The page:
Schools That Are Making a Difference
Wilson, Ron, The Saturday Evening Post
The issue of prayer in schools has no bearing on the children at the little white schoolhouse in Newton, Iowa. After a boisterous Pledge of Allegiance, the first-and second-graders burst into a hearty verse or two of "Jesus Loves Me." Following that, several volunteers offer prayers, and on this particular morning their teacher has a special request. She asks them to pray for her grandmother, who is going to surgery that day in a hospital in nearby Des Moines.
The school is Newton Christian and it is one of some 13,000 private, Protestant, evangelical schools now operating in America. No more than several hundred such schools existed 20 years ago, but no, as the trend toward private education increases, the Christian schools are the fastest growing in the country, and they're shaping the minds and lives of nearly one million young Americans.
Almost one-fourth of the nation's schools are now non-public--a number up considerably from 1950. The reason for the trend is no mystery. Parents perceive that private schools have more to offer. A study done in 1981 by James Coleman for the National Center for Education Statistics reinforces those beliefs. Its finding: "Private schools produce better cognitive outcomes than do public schools with comparable students." They also "provide better character and personality development and a more disciplined and orderly environment...are more successful in creating an interest in higher education and lead more of their students to attend college." Finally, the report showed, they "are more efficient, accomplishing their educational task at a lower cost."
Not all private schools are flourishing, however. Many years ago, Roman Catholics recognized the need for establishing their own schools. Centered heavily in urban areas, the last 15 or 20 years. But as American Catholics moved out of the city to the suburbs, parochial schools fell on hard times. Catholic-school enrollment has actually dropped from 5.5 million students in 1965 to 3 million in 1984.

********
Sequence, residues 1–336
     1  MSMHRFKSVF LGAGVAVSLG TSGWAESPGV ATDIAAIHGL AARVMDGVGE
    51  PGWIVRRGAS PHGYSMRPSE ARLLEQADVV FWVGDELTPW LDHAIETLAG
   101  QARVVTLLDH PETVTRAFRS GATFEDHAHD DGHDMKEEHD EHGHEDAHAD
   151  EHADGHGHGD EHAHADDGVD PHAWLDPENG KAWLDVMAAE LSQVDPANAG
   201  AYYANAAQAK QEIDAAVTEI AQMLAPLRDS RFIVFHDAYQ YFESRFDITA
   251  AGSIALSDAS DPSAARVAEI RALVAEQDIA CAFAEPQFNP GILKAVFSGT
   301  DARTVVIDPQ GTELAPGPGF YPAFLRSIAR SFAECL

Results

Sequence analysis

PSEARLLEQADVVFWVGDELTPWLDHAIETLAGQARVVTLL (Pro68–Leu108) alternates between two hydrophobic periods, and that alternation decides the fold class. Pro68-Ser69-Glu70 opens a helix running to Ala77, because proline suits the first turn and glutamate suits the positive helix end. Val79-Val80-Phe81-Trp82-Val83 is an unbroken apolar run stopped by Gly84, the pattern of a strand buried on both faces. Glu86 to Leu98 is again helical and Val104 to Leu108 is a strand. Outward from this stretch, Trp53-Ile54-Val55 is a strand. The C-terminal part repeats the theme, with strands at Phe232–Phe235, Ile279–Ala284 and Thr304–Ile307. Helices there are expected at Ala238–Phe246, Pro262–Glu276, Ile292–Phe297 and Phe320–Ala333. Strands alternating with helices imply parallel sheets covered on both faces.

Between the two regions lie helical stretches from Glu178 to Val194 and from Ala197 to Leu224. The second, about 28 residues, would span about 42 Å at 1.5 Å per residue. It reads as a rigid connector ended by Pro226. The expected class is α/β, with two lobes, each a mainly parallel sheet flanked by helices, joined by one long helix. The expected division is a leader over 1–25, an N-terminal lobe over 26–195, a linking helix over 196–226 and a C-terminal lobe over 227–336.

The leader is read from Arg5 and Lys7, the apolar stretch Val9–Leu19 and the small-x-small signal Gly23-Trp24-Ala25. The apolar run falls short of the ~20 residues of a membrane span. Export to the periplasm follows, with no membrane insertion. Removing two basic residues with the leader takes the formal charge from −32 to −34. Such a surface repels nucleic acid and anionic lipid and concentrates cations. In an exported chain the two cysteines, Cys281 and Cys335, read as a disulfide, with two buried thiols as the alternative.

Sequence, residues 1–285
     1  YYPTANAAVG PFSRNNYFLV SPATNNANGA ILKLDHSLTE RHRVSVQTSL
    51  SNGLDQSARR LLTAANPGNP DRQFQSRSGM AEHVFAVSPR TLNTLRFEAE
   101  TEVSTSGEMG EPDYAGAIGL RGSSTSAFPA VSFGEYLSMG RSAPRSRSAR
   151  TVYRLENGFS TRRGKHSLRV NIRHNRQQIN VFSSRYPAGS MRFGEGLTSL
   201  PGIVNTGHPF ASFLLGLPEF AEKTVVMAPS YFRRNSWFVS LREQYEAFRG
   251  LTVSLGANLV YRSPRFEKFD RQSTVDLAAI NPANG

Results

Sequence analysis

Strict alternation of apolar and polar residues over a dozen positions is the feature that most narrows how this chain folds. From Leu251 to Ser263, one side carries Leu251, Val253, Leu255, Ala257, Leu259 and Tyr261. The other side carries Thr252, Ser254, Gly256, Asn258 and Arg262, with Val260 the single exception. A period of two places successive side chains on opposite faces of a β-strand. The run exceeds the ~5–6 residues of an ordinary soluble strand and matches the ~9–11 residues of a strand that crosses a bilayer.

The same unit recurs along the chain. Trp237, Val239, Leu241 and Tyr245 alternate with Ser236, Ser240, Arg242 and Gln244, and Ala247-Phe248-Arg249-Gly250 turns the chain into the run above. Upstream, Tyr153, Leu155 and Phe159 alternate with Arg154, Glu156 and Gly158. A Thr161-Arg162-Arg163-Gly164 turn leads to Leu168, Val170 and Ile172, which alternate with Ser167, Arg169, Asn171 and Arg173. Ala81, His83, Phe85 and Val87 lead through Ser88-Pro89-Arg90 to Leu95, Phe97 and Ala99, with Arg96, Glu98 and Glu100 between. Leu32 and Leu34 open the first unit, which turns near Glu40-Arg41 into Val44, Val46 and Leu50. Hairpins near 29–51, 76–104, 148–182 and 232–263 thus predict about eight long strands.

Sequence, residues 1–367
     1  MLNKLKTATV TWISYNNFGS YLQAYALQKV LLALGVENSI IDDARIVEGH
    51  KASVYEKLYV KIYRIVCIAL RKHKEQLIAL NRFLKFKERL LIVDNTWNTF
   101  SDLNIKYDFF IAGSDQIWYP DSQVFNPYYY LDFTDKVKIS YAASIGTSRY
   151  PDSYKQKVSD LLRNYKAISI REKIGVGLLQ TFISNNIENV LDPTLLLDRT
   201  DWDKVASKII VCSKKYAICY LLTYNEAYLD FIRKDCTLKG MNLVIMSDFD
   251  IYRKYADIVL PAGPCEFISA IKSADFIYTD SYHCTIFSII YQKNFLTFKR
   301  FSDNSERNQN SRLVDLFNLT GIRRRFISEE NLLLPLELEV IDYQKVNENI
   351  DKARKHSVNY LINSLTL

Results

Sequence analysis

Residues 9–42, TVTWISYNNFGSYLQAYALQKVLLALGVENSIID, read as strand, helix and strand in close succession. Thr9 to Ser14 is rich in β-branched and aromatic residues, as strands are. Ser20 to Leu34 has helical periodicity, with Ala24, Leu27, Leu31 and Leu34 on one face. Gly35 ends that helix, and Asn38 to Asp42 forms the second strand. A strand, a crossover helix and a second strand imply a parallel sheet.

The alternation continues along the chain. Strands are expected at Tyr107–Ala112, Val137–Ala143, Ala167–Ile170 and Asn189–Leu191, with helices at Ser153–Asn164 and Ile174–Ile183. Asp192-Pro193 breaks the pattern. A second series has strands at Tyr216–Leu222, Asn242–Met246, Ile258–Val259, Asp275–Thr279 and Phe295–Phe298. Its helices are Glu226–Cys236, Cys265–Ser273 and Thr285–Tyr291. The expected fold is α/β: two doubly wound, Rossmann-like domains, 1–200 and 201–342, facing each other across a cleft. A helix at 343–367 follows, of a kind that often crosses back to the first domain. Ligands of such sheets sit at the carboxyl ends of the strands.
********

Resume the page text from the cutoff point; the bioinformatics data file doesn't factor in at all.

Jewish schools have taken an opposite turn. Begun during the mass immigration of Jews from Eastern Europe at the turn of the century, these schools have recently seen an upsurge in enrollment. Jewish families who once relied on weekend classes for religious education now see Jewish schools as a way to strengthen identity.
As parental dismay with the public-school system mounted in the 1960s and '70s, parents began looking for options for their children. But most private schools couldn't accommodate the influx or were too parochial for outsiders.
That brought local churches into the scene. They had facilities that stood empty all week. Why not use them for day schools? In some places, concerned parents met and formed their own nondemoninational schools, and in time, all these banded together.
The biggest and probably the most aggressive of the new groups is the Association of Christian Schools International, which serves nearly 400,000 students and is headquartered in California. Its director, a California educator named Paul Kienel, calls the current rise in Christian schools a "rebirth." The Puritans started the first schools in the New World, he notes, and they were private and Christian. Public schools came along later as a result of needed social reform.
"Bible-centered, Protestant Christian schools existed in America 217 years before public schools were established," Kienel says. "From the landing of the Pilgrims at Plymouth Rock in 1620 to state-controlled public schools established by Horace Mann in 1837, America's schools were Christ centered and committed to a high level of literacy."
But some view the endorsement of Christian schools as an anti-American abandonment of the public schools. "The reestablishment of Protestant Christian schools in America is indeed threatening to some people in the public-school community," says Kienel, "but our first concern as parents is to do what we know is best for our children. …